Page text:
It has been observed that in many optimization problems, nonsmooth objective functions often appear smooth on naturally arising manifolds. This has led to the development of optimization algorithms which attempt to exploit this smoothness. Many of these algorithms follow the same two-step pattern: first to predict a direction of decrease, and second to make a correction step to return to the manifold. In this article, we examine some of the theoretical components used in such predictor-corrector methods. We begin our examination under the minimal assumption that the restriction of the function to the manifold is smooth. At the second stage, we add the condition of 'partial smoothness' relative to the manifold. Finally, we examine the case when the function is both 'prox-regular' and partly smooth. In this final setting, we show that the proximal point mapping can be used to return to the manifold, and argue that returning in this manner is preferable to returning via the projection mapping. We finish by developing sufficient conditions for quadratic convergence of predictor-corrector methods using a proximal point correction step. © 2006 Taylor & Francis.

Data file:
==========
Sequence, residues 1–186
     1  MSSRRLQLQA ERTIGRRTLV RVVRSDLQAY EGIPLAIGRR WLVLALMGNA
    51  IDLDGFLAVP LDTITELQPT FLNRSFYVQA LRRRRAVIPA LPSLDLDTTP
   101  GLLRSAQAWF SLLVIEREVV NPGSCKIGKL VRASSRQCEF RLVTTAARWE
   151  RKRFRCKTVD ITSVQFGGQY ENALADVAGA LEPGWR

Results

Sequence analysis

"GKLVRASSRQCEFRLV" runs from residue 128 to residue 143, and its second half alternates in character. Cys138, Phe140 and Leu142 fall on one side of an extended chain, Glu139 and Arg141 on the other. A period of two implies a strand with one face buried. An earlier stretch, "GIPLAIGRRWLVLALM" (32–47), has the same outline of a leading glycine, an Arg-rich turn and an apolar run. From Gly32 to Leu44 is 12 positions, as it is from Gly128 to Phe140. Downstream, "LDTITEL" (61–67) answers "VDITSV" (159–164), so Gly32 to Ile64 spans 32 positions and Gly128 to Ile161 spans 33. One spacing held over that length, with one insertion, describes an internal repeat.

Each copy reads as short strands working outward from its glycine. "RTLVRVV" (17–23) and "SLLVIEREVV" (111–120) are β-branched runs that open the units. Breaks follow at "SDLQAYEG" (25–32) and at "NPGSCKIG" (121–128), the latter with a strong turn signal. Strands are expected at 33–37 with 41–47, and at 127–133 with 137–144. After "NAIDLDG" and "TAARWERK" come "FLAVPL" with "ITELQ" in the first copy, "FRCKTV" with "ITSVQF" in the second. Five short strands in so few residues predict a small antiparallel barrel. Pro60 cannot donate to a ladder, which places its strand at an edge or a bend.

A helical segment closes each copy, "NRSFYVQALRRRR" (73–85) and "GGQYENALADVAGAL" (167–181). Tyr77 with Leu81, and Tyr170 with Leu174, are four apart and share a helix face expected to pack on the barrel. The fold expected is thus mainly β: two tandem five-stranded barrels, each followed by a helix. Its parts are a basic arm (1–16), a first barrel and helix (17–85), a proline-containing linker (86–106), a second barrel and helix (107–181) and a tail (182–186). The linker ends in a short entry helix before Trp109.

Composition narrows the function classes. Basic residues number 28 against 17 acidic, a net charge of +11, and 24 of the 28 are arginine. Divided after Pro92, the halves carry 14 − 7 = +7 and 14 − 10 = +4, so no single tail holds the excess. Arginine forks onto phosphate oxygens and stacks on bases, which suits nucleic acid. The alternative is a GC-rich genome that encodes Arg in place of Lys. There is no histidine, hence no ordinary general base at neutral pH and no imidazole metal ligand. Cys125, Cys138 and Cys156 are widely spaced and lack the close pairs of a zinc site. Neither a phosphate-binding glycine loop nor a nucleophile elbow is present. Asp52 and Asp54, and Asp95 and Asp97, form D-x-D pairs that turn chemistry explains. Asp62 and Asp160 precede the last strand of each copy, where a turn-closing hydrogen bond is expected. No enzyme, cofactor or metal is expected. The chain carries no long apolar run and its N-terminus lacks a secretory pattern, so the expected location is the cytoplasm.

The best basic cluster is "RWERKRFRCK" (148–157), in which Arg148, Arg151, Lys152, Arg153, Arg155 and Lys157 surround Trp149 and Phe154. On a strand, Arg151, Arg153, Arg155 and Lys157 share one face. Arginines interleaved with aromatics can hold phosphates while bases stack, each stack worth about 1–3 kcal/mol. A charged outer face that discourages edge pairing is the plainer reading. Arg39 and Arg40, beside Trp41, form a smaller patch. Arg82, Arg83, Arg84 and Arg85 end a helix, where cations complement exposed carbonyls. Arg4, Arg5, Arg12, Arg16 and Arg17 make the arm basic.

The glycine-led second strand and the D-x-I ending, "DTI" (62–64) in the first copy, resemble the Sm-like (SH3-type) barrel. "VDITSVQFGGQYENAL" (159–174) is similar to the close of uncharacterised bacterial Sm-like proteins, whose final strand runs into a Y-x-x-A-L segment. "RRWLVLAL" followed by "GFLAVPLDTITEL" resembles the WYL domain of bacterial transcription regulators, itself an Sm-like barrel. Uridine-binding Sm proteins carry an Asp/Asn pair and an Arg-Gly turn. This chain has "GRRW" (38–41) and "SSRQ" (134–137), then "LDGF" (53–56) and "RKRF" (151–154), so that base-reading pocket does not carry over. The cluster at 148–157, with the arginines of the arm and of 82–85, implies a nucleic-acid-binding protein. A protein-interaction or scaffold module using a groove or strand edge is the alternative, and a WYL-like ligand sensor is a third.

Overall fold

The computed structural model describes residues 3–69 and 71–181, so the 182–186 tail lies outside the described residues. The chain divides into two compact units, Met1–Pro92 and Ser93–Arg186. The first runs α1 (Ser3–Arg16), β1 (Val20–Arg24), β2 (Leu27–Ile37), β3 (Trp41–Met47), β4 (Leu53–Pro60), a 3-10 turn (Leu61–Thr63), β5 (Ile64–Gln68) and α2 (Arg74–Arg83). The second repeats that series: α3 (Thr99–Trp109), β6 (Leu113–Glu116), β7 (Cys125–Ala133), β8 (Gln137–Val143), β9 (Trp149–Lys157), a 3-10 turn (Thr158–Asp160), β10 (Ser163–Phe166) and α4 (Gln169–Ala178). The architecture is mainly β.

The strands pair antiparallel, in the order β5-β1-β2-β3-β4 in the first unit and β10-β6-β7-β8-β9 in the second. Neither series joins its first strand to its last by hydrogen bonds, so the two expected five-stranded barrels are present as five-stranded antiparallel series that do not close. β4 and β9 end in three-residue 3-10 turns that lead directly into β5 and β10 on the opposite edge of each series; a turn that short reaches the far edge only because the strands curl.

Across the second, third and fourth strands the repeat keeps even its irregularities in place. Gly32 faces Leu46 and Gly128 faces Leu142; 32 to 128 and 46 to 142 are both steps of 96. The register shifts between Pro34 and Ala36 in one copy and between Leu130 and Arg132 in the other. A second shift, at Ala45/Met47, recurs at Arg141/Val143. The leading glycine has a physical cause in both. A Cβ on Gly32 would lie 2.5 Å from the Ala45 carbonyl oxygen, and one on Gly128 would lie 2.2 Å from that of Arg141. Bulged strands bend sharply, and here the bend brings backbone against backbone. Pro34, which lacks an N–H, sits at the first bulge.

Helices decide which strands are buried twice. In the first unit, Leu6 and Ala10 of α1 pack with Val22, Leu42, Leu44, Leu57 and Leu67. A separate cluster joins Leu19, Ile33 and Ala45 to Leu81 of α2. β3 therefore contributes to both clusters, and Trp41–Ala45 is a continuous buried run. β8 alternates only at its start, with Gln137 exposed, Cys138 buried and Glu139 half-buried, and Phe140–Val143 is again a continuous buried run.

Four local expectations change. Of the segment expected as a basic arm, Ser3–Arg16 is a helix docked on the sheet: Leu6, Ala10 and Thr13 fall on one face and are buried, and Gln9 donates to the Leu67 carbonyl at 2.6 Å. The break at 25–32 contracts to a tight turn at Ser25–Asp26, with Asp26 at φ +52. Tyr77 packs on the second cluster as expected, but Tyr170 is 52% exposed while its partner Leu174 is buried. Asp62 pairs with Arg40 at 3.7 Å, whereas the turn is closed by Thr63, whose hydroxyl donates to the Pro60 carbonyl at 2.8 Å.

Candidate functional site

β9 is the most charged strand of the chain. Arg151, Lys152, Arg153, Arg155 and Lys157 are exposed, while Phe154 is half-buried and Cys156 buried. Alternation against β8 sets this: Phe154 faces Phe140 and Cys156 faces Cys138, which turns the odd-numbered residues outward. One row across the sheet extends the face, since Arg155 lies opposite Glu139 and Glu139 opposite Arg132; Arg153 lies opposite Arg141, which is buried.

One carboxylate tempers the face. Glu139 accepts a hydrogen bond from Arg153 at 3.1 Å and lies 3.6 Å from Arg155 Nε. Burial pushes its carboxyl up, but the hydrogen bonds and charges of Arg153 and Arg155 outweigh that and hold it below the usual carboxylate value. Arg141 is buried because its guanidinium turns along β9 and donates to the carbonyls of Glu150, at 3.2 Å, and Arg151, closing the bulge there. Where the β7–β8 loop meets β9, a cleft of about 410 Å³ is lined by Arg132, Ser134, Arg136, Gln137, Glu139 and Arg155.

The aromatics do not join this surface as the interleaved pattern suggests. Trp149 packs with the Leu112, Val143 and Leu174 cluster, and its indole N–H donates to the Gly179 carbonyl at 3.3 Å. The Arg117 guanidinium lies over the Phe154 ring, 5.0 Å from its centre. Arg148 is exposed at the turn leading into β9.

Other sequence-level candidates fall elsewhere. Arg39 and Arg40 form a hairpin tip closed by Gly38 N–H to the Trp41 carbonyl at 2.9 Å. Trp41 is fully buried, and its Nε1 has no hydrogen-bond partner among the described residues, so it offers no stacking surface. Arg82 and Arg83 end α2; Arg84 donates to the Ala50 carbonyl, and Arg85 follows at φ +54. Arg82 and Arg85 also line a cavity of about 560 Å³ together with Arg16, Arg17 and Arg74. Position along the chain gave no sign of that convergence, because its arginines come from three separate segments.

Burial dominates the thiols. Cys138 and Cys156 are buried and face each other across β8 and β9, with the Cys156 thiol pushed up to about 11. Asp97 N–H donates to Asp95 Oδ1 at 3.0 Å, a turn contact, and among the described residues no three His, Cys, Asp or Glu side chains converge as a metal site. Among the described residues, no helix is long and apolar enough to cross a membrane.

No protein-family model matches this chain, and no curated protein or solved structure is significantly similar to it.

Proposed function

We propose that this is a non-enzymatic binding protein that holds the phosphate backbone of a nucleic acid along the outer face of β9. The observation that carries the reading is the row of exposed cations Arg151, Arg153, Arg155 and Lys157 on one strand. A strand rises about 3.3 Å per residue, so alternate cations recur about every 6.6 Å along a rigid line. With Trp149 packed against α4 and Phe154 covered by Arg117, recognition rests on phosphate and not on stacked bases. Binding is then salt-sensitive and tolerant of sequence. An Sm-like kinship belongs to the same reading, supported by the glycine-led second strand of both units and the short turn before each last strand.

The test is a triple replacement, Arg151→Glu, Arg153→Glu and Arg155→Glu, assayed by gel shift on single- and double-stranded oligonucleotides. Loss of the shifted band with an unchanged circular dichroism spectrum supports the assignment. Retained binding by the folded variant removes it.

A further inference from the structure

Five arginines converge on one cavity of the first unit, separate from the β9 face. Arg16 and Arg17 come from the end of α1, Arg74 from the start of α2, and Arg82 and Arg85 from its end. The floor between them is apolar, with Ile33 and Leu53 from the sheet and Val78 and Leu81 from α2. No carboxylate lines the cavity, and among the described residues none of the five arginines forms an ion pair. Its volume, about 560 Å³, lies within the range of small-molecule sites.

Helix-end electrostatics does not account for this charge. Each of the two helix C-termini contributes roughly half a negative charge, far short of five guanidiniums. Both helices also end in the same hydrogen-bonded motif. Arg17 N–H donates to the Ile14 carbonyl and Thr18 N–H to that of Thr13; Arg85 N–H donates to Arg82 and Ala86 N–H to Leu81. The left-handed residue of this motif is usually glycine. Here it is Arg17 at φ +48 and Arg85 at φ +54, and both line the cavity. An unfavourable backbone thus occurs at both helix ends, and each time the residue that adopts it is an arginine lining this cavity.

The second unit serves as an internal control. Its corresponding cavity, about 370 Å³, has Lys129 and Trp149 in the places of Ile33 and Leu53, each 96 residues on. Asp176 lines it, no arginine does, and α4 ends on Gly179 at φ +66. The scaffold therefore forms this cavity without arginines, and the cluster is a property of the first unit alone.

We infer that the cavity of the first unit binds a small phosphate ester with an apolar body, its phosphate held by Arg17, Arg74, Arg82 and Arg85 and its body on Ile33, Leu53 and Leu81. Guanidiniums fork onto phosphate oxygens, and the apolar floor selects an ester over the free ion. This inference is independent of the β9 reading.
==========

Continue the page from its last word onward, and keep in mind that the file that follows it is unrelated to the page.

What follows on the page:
|Publication status||Published - 1 Oct 2006|
- Newton-type methods
- Partly smooth function
- Proximal algorithm
- Riemannian gradient